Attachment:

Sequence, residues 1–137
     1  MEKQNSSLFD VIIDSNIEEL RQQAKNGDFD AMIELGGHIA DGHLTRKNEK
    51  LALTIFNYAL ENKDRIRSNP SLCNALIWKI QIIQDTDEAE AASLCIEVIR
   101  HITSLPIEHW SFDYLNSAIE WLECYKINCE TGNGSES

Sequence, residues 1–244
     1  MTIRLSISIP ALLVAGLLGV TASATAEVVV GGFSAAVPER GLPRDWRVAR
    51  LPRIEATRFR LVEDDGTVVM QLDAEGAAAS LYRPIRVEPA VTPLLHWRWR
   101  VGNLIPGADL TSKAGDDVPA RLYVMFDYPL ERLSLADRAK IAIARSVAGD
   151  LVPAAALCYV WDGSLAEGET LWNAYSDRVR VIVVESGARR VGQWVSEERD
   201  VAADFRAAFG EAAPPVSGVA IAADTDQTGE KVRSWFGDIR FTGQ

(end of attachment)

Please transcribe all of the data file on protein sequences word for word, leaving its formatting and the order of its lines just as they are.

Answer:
Sequence, residues 1–137
     1  MEKQNSSLFD VIIDSNIEEL RQQAKNGDFD AMIELGGHIA DGHLTRKNEK
    51  LALTIFNYAL ENKDRIRSNP SLCNALIWKI QIIQDTDEAE AASLCIEVIR
   101  HITSLPIEHW SFDYLNSAIE WLECYKINCE TGNGSES

Sequence, residues 1–244
     1  MTIRLSISIP ALLVAGLLGV TASATAEVVV GGFSAAVPER GLPRDWRVAR
    51  LPRIEATRFR LVEDDGTVVM QLDAEGAAAS LYRPIRVEPA VTPLLHWRWR
   101  VGNLIPGADL TSKAGDDVPA RLYVMFDYPL ERLSLADRAK IAIARSVAGD
   151  LVPAAALCYV WDGSLAEGET LWNAYSDRVR VIVVESGARR VGQWVSEERD
   201  VAADFRAAFG EAAPPVSGVA IAADTDQTGE KVRSWFGDIR FTGQ